CellebriteCellebrite November 10, 2015
On Monday, a much anticipated hearing in the case between Apple and the FBI over access to a dead terrorism suspect’s iPhone was canceled after the FBI claimed that an “outside party” had surfaced with a potential method for bypassing the phone's lock screen without Apple’s help.
On Wednesday, the Yedioth Ahronoth newspaper reported that outside party as being Cellebrite, an Israeli phone forensics firm, attributing the information to “sources in the field/industry well acquainted with the subject.” Haaretz reported that "While the Cellebrite executives would not comment on the San Bernardino case, they indicated they are confident that a completely hack-proof phone has not been invented yet and that they would eventually be able to unlock any existing system on their own." Leeor Ben-Peretz, executive vice president of products and business development for mobile forensics at Cellebrite told Haaretz, "The level of complexity is exponential and it’s at a point that it’s getting difficult—but if anyone can do it, it’s us."
When contacted by phone, Cellebrite would not confirm the accuracy of those reports, and the FBI did not immediately respond to a request for comment.
Cellebrite's involvement in the San Bernardino case has not yet been confirmed, however, and there is every chance that the Israeli media is inadvertently giving a PR boost to an Israeli company. However, Cellebrite has worked with the US government before and it’s an interesting example in the often overlooked market of forensics for law enforcement.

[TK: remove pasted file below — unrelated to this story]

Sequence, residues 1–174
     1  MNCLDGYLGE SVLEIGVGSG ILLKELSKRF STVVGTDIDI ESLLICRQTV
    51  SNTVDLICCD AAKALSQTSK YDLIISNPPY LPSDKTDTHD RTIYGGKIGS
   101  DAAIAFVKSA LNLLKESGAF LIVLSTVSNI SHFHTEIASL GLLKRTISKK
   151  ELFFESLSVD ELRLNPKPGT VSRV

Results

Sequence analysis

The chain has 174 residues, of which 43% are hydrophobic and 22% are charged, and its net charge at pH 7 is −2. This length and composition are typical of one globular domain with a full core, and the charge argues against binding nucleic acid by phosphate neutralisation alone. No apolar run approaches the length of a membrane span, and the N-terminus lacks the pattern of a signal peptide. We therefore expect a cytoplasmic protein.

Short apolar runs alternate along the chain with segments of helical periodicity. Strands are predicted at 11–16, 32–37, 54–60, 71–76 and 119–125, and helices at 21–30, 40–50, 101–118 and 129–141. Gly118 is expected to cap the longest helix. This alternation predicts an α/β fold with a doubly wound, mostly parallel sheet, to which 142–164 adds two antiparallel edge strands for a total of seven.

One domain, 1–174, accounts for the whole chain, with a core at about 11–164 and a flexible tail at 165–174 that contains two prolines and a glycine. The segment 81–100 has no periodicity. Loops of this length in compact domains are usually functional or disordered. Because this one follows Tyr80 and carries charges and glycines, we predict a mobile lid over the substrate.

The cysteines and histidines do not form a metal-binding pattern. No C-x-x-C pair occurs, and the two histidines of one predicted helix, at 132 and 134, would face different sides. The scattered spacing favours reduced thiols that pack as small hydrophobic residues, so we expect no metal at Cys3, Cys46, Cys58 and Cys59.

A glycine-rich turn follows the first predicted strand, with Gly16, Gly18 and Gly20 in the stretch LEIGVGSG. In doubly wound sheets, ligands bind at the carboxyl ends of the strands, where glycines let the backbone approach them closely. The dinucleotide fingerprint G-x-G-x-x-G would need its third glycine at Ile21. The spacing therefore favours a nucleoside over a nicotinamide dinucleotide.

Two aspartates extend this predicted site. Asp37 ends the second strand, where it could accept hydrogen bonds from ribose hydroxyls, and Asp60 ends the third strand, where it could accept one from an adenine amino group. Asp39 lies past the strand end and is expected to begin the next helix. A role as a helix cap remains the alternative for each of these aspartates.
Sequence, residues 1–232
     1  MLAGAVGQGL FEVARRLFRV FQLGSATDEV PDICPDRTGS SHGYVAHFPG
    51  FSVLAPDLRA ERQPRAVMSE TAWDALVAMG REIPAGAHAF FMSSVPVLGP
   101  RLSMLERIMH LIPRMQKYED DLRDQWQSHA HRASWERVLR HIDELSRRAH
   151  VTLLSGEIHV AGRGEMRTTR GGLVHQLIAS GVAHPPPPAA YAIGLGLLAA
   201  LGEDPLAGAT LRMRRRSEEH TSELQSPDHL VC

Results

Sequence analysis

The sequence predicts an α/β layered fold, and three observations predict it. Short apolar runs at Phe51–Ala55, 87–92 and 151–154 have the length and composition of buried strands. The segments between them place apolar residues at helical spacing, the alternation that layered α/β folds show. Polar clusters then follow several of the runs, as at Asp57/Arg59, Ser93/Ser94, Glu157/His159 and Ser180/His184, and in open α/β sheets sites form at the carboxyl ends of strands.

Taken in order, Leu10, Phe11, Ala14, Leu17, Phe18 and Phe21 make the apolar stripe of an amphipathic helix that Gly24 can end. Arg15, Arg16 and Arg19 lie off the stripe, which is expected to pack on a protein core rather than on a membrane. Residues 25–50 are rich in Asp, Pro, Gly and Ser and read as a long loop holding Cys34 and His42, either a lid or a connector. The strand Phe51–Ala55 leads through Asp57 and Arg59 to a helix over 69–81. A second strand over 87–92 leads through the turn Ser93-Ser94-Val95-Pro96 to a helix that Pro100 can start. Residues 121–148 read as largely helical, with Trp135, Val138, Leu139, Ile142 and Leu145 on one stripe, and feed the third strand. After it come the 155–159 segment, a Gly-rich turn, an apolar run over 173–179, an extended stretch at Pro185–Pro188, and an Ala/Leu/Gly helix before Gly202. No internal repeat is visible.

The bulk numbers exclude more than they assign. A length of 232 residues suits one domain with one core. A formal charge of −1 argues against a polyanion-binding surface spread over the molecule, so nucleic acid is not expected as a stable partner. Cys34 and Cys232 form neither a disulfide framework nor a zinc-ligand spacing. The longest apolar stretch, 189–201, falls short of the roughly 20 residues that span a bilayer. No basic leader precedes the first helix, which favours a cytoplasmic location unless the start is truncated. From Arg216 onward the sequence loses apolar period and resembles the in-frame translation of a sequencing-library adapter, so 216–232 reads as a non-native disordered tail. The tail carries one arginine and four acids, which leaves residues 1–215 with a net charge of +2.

Cellebrite's US subsidiary has taken over $2 million worth of purchase orders from the FBI since 2012
“The forensics industry has not received a lot of attention,” Christopher Soghoian, principal technologist at the American Civil Liberties Union (ACLU) told Motherboard in a phone call. “This is an industry that relies on discovering and exploiting flaws in mobile phones. There’s a lot of secrecy because each company has their secret sauce.”
Within this circle of companies, however, Cellebrite is pretty well-known when it comes to mobile phone forensics, and has a long history of working with government agencies, including the FBI.
WHAT IS CELLEBRITE?
Founded in 1999, Cellebrite focuses on digital forensics tools and software for mobile phones. According to a document on its website, Cellebrite supports intelligence services, border patrols, special and military forces, and even financial organisations in more than 100 countries. Cellebrite's products can allegedly collect, amongst other things, location and cloud data from mobile and GPS devices, and the company claims to have an archive of 8,000 different mobile phones at its headquarters.
WHAT CAN IT DO?
One of the company's main products, the Universal Forensics Extraction Device (UFED) Ultimate, claims to allow investigators to extract all data and passwords from phones. Another product can supposedly identify common connections between multiple devices from call logs, text messages and other data.